So why shouldn’t the Guelph Storm be considered a top three team this season?
I’ve mentioned this several times this pre-season to people, several of who scoff at the notion.
Many people tend to look at why their own team won’t be a contender rather than why they will. We tend to be overly critical of the team we are most familiar with and dwell on flaws rather than strengths.
Additionally, people tend to be somewhat focused on their team in making overall predictions rather than looking at what else is going on in the conference.
For example, people question Guelph's goaltending. My response? "Who's the second best goaltender in the Western Conference?" After WIndsor's Mike DiPietro, there is no obvious answer to who the top goalies are because none have been consistent enough to prove it.
So while official predictions are still a couple of weeks away, let’s look at why the Storm is a legitimate contender.
First and foremost, they are an older, experienced team. Rarely will you see a young, inexperienced team be a legit contender. They have nine players 19 or 20 and will be adding more.
Second, and this might be the biggest thing, Guelph had a plethora of players under perform last year, by anyone’s standards. It is safe to assume (expect?) that there will be at least 10 returning players who will be more productive this season than last. At least. And I’m not including any defencemen or Isaac Ratcliffe in that group.
Improved performance by half the roster would obviously lead to increased positioning in the standings.
Then there is the Go For It factor. Being close means adding pieces. Guelph should surely be doing this as the season evolves. At the very least they will be adding a third high-end overage player.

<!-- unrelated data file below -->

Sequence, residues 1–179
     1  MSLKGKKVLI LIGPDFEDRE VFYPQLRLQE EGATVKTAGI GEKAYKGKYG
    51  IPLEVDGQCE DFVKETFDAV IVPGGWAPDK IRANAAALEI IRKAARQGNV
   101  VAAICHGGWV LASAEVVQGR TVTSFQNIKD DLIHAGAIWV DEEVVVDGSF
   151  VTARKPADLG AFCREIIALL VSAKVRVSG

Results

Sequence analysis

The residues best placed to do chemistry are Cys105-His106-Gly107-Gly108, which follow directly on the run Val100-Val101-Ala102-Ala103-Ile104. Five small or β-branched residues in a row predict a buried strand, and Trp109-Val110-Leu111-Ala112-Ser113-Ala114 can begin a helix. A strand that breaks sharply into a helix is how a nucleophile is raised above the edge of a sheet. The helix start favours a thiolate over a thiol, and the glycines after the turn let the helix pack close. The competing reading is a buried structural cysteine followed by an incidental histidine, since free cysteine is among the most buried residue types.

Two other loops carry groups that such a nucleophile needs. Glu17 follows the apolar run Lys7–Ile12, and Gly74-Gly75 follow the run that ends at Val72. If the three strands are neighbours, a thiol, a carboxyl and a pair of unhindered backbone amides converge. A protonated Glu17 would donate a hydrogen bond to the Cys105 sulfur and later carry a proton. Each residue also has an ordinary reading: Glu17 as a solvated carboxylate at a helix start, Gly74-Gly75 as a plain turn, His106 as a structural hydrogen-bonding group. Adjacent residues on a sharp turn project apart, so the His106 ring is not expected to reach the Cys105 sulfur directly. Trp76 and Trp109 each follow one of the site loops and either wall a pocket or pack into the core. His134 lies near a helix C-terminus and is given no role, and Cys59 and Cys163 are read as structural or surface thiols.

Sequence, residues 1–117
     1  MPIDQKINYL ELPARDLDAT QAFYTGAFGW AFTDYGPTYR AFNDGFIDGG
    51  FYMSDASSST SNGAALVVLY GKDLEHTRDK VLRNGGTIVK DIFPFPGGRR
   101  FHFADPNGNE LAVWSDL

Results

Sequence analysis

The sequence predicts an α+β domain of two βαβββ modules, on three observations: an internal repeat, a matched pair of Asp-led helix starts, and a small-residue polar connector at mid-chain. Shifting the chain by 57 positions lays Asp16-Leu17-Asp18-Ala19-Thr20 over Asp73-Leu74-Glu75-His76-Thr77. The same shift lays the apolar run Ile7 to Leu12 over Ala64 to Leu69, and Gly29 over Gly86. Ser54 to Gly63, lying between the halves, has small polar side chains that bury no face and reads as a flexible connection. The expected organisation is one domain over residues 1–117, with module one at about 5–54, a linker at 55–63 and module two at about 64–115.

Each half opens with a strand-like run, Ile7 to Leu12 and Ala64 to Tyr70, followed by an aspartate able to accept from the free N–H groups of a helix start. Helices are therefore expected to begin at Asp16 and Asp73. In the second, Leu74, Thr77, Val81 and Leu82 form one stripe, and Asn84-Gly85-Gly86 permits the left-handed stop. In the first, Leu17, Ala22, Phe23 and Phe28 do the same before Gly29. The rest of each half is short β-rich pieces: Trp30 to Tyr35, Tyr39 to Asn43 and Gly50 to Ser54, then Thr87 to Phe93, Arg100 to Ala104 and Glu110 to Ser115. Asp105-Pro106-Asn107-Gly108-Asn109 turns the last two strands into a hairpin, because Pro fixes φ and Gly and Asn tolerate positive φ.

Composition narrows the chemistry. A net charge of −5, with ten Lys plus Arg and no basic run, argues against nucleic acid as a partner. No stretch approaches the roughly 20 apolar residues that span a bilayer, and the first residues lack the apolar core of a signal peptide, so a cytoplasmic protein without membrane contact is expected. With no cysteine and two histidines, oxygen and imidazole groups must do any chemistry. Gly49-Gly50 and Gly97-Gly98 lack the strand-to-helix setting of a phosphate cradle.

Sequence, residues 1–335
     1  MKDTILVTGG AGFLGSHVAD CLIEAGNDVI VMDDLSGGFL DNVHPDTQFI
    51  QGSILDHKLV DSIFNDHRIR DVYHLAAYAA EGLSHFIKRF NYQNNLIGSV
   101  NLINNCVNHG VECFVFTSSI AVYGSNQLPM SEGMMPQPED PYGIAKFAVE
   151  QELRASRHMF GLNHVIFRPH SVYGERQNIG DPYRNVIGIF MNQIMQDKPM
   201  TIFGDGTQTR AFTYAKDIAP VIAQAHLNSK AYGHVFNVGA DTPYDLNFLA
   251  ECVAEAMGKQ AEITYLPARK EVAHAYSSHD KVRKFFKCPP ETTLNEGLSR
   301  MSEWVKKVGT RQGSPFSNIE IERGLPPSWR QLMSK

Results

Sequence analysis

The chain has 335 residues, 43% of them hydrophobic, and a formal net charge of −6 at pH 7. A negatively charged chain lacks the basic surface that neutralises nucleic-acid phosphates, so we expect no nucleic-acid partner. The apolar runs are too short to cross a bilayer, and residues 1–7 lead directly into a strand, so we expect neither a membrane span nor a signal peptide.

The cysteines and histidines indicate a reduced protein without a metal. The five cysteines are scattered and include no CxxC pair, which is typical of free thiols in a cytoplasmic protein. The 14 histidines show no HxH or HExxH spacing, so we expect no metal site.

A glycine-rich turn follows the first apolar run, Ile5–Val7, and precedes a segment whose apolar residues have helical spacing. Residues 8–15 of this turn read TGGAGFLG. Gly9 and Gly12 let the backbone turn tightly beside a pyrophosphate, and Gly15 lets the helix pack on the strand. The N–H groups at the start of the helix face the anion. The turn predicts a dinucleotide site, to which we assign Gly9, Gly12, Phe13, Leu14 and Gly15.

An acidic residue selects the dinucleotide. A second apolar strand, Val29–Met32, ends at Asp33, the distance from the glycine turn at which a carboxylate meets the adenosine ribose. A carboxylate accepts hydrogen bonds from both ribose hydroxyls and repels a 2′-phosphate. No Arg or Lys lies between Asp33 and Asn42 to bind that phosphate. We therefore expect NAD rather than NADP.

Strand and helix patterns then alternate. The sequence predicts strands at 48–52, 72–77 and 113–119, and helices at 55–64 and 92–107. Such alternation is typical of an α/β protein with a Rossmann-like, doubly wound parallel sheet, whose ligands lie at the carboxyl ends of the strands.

Then there is the rest of the league to consider. What Guelph does is just part of the equation. What others do, or don't do, is also to be considered.
London, already a legit contender, will find ways to get better, but it is also a team that will likely be even stronger next year and probably won’t want to empty the piggy bank this year.
Guelph will be emptying the piggy bank.
Saginaw will be a very good team this year but might be a year away from peaking, and as such hesitant to make big deals.
Owen Sound and Sault Ste. Marie are both still very good teams, but will both be faced with decisions as to whether or not they should trade star players before the deadline. The Bertuzzi/Dickinson dilemma the Storm faced four years ago now faces those teams.
Windsor is building a legit contender down the road, but is still very young and will be trading its best player at some point to add key pieces for that future contending squad.
Flint was dead last a year ago and will join Sarnia, Kitchener and Erie - three teams at various stages of a full rebuild mode - in battling for the playoffs.
When the dust settles, I see Guelph, London and, if the Soo and Owen Sound go into full “sell” mode, Saginaw as the top three teams. If the Attack or Hounds decide to stay the course and give it another run, they will be in the mix too.
So there you have it. Guelph has a lot of work to do and a lot to prove. But the pieces are in place for a top three finish and a legitimate shot at a Western Conference title.
At least on my computer screen.